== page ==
A cyberattack on the Defence Ministry of Singapore’s internet system (I-net) has resulted in the personal data of 850 employees and conscripted military personnel being stolen.
The stolen data includes national identity (NRIC) numbers, telephone numbers and dates of birth.
No classified military data was stolen in the breach of the I-net system, the government said, as reported by Channel NewsAsia.
The Ministry of Defence (Mindef) added that the purpose of the hack may have been “to gain access to official secrets.”
“Targeted and carefully planned.”
The attack, which originated online, “appeared to be targeted and carefully planned,” Mindef deputy secretary David Koh said.
“Based on our investigations, they are not the work of casual hackers or criminal gangs,” said Mr Koh.
The breach occurred earlier this month, but was only announced on Tuesday, with Mindef saying it had required time to “conduct its investigation.”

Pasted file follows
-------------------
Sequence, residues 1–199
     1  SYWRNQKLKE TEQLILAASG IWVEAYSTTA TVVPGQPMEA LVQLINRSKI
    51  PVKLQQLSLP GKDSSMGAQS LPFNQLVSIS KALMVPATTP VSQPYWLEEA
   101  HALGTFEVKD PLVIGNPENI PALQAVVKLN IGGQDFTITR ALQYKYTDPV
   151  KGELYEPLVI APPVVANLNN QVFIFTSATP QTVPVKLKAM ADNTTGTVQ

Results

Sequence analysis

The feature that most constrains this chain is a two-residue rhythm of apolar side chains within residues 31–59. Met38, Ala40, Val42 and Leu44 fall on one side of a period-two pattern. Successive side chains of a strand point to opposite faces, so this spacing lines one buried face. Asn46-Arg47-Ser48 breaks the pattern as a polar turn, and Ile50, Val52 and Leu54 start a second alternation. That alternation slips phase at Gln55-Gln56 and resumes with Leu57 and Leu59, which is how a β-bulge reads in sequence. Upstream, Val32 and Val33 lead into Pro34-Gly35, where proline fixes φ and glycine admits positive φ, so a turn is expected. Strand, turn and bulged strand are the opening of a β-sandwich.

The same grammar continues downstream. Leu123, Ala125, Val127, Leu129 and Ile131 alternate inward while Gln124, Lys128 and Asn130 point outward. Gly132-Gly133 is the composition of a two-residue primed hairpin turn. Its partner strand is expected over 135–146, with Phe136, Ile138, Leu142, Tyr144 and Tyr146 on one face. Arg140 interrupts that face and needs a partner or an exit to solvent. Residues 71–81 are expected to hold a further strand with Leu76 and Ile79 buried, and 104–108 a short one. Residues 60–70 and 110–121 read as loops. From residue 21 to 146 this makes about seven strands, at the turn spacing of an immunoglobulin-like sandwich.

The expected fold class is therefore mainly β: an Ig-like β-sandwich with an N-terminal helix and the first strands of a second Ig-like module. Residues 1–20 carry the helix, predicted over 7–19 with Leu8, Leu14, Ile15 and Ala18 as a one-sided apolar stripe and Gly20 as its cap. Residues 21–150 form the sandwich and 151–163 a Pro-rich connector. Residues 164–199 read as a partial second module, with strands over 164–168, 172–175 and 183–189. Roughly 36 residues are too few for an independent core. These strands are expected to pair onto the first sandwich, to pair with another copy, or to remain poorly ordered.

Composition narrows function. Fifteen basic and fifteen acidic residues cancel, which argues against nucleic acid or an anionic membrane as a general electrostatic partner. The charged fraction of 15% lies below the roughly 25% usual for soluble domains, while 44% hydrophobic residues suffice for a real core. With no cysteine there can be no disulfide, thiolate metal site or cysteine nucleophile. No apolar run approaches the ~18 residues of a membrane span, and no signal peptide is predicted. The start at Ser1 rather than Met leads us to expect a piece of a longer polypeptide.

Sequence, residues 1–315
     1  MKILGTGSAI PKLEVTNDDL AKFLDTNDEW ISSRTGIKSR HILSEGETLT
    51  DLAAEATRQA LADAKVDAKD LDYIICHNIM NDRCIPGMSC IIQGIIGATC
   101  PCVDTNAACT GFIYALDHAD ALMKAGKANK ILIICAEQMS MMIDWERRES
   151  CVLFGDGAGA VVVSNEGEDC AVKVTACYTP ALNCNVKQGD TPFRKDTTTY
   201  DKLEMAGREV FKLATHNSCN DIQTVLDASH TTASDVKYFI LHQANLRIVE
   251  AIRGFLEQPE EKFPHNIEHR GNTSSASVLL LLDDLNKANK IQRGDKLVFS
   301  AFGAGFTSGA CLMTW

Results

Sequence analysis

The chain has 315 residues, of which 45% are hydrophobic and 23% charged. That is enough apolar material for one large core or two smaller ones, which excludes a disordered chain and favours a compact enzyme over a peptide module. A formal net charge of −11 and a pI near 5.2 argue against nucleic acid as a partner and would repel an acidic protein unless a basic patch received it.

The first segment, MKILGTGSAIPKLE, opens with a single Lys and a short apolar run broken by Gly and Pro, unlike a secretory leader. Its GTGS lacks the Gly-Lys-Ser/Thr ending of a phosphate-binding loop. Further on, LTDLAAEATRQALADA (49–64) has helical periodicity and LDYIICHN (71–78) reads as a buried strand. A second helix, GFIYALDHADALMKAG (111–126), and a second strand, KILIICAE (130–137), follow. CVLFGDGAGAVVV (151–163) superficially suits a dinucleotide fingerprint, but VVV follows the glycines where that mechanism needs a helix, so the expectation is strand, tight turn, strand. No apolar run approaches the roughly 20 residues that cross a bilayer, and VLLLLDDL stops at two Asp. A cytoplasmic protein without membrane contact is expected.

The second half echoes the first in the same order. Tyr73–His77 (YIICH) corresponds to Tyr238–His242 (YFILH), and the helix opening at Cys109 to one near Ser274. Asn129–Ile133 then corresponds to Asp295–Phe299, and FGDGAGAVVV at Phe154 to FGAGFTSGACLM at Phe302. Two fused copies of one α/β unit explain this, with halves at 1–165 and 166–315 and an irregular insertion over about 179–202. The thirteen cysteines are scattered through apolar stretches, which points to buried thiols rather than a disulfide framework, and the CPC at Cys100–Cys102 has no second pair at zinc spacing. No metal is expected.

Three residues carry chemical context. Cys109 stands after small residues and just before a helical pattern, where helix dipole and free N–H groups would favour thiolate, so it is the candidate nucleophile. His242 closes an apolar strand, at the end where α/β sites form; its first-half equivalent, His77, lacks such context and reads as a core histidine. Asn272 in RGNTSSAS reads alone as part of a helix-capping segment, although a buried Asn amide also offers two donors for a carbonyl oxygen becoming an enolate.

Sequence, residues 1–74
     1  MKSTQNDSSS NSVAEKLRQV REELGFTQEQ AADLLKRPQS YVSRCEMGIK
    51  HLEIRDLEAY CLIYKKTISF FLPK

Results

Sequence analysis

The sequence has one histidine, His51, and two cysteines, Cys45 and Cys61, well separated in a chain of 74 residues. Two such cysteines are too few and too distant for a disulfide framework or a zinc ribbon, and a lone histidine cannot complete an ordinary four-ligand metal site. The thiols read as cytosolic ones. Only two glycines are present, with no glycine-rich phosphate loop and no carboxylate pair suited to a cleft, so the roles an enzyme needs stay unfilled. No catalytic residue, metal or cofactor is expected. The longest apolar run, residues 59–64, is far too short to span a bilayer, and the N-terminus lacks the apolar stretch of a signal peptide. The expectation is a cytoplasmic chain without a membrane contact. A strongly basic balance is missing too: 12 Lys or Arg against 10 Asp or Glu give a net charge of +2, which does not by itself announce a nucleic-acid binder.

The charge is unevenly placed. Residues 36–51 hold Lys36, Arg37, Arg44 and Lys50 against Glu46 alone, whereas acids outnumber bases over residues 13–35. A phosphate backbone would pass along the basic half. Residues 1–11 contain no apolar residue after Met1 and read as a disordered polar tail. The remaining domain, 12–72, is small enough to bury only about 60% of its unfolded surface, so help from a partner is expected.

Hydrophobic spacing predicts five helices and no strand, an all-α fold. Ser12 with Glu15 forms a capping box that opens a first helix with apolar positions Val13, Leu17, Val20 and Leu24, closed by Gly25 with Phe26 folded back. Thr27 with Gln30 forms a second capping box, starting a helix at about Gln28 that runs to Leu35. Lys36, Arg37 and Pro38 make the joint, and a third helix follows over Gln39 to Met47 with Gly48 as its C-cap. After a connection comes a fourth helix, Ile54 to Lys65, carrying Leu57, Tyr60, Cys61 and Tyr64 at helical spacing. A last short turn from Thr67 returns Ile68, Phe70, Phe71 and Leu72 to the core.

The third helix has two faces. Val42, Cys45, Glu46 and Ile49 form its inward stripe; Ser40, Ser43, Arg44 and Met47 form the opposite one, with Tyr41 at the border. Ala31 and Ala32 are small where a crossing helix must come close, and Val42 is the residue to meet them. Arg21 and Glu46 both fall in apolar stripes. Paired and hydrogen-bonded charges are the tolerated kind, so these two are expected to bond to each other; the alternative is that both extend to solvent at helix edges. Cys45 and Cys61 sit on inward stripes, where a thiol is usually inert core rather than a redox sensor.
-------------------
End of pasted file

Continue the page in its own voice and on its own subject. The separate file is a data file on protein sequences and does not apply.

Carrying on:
Reactions online came quickly.
“How are we going to digitise our nation with this kind of cyber security standards?” said one netizen on Facebook.
“These hackers fail. [They] want to hack military secrets, didn’t manage to, then try to steal personal data, only succeeded in 850 people,” another said, sarcastically.
‘Under constant cyberattack’
The I-net system is a way for employees to access the internet, via dedicated terminals located on premise.
Earlier last year, Singapore pretty much took off public servants off the broader internet, by blocking many agencies from accessing the web on work computers.
While the attack is unnerving, the government decided not to turn off the I-net system, only disconnecting the affected server.
Detailed forensic investigations will be conducted on the entire system to determine the extent of the attack, Mindef announced.
“It’s no secret that government agencies, including Mindef, are prime targets and we are under constant cyberattack. Because of this we need to continually be vigilant and improve our cyber defences,” said Mr Koh.
Singapore’s government has experienced cyber attacks in the past, including Anonymous group hacking the prime minister’s official website in 2013.